Bryce is a long time resident of Burlington Ontario. Bryce is an instrumental music teacher having recently retired after 31 years with the Halton District School Board. Bryce got his start in music taking piano and theory from Keith Hopkins, music director of Port Nelson United Church. A career trumpet player Bryce got his start with the Burlington Teen Tour Band at the age of 9 under the direction of Elgin Corlett. He received trumpet and music theory instruction from his mentor, Eric Ford, also a former music director of the Teen Tour Band who penned many of the great marching tunes still performed by the Red Coats such as "Strike Up The Band" and "The Hustle" as well as many of the great marches performed by the THMO. The highlight of Bryce's career was to study and perform with renowned Canadian jazzman Phil Nimmons and his band Nimmons & Nine plus Six.


As the new music director of the Top Hats, Bryce is making his mark through his pops oriented musical arrangements and his colourful conducting style.


Under his direction he was instrumental in the creation of the Top Hats three CD’s “A Top Hat Christmas”, “The Top Hats Greatest Hits” and "Swinging into Christmas". As well as directing and writing for the group Bryce is an active participant in the Band’s busy parade schedule.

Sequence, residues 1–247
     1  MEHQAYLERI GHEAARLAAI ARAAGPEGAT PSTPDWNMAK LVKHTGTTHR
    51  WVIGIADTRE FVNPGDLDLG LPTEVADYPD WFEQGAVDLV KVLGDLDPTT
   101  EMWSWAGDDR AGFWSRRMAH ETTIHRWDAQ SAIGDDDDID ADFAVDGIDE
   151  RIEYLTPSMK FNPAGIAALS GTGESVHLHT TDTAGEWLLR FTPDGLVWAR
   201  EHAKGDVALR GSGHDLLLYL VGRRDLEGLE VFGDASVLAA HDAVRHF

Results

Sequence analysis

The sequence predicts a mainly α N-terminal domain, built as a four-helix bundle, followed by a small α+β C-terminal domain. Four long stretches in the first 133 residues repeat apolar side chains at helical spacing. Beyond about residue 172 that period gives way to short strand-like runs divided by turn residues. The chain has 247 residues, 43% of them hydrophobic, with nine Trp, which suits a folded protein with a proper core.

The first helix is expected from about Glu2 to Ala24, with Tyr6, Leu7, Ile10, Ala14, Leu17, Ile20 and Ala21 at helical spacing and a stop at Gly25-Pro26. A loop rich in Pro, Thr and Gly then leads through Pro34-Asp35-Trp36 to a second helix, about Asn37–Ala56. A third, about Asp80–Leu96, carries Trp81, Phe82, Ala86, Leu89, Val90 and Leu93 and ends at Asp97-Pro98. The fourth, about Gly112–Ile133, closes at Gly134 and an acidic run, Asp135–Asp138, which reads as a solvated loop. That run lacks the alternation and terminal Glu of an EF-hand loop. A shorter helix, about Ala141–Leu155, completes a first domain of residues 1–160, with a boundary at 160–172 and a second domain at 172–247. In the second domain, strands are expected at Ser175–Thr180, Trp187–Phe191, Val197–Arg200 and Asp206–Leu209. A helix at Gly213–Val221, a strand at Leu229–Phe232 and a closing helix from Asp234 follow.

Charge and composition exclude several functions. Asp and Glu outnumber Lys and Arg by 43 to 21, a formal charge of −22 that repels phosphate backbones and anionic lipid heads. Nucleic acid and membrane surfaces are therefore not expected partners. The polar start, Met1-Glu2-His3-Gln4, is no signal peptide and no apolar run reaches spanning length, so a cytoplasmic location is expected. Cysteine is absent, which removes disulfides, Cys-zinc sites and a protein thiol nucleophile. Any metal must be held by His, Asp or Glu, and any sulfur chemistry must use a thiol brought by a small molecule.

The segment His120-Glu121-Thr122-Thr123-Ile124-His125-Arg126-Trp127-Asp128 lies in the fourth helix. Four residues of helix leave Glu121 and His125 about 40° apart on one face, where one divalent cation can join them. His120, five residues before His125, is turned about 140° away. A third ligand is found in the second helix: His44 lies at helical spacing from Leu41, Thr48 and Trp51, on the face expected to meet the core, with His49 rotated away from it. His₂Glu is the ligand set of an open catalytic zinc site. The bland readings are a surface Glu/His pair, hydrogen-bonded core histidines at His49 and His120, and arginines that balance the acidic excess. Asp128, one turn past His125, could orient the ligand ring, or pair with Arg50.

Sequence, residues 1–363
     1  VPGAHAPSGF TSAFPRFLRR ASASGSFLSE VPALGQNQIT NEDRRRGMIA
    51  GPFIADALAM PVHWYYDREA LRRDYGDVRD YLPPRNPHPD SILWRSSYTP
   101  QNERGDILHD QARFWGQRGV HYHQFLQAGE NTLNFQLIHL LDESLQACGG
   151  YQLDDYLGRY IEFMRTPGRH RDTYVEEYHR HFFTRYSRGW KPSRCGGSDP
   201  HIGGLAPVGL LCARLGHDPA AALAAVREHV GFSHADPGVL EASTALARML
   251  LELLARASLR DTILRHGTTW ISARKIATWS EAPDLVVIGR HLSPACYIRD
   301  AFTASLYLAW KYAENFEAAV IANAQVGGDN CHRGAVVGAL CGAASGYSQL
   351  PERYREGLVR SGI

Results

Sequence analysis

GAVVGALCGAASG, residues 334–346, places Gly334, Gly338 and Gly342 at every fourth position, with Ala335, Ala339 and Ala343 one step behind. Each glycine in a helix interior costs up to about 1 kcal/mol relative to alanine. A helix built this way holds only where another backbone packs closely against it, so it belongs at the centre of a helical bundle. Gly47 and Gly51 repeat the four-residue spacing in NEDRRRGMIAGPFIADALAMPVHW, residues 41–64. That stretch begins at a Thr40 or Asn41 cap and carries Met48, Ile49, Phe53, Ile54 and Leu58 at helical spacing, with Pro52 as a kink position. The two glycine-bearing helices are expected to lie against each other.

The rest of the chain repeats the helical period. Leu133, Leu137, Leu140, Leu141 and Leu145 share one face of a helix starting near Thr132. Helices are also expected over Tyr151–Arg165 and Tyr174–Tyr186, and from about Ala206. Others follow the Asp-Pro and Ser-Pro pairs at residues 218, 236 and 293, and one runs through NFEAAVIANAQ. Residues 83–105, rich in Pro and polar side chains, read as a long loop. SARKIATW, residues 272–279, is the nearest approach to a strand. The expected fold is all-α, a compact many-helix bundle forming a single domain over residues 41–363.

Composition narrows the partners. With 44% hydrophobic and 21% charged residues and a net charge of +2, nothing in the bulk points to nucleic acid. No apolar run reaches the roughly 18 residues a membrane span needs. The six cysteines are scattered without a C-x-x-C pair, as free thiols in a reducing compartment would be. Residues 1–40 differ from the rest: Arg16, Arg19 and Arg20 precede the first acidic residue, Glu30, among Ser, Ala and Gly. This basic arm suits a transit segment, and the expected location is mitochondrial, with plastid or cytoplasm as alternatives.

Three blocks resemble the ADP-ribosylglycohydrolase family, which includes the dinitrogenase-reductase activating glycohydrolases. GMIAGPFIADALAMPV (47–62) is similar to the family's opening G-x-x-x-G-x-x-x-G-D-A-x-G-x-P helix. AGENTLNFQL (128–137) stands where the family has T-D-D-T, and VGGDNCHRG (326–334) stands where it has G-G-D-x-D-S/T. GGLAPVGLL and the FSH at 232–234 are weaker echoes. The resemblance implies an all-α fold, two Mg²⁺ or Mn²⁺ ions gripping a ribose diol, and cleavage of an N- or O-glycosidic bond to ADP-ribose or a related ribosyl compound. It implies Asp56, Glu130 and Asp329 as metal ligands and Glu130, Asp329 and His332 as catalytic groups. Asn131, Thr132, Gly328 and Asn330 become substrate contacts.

Toni Clement

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Toni started playing the piano at the age of 8, one of many instruments she would master and successfully completing the Royal Conservatory level of Grade 8 piano and her Grade II theory.


When at Maplehurst School, in Grade 7, she started playing the flute and decided right then that she wanted to teach music. In that same year she started taking flute lessons with the City of Burlington and joined the Junior Redcoats (formerly known as the Peanut band).


Throughout high school she was often seen coming home for the weekend carrying a different instrument. She would figure out how to play it and somehow master it before Monday came around. While in high school she started her first band, the Aldershot Stage band. For her Graduation she played “flight of the bumble bee” on the piccolo in a record 1min and 3 seconds. It was a request from her graduating class.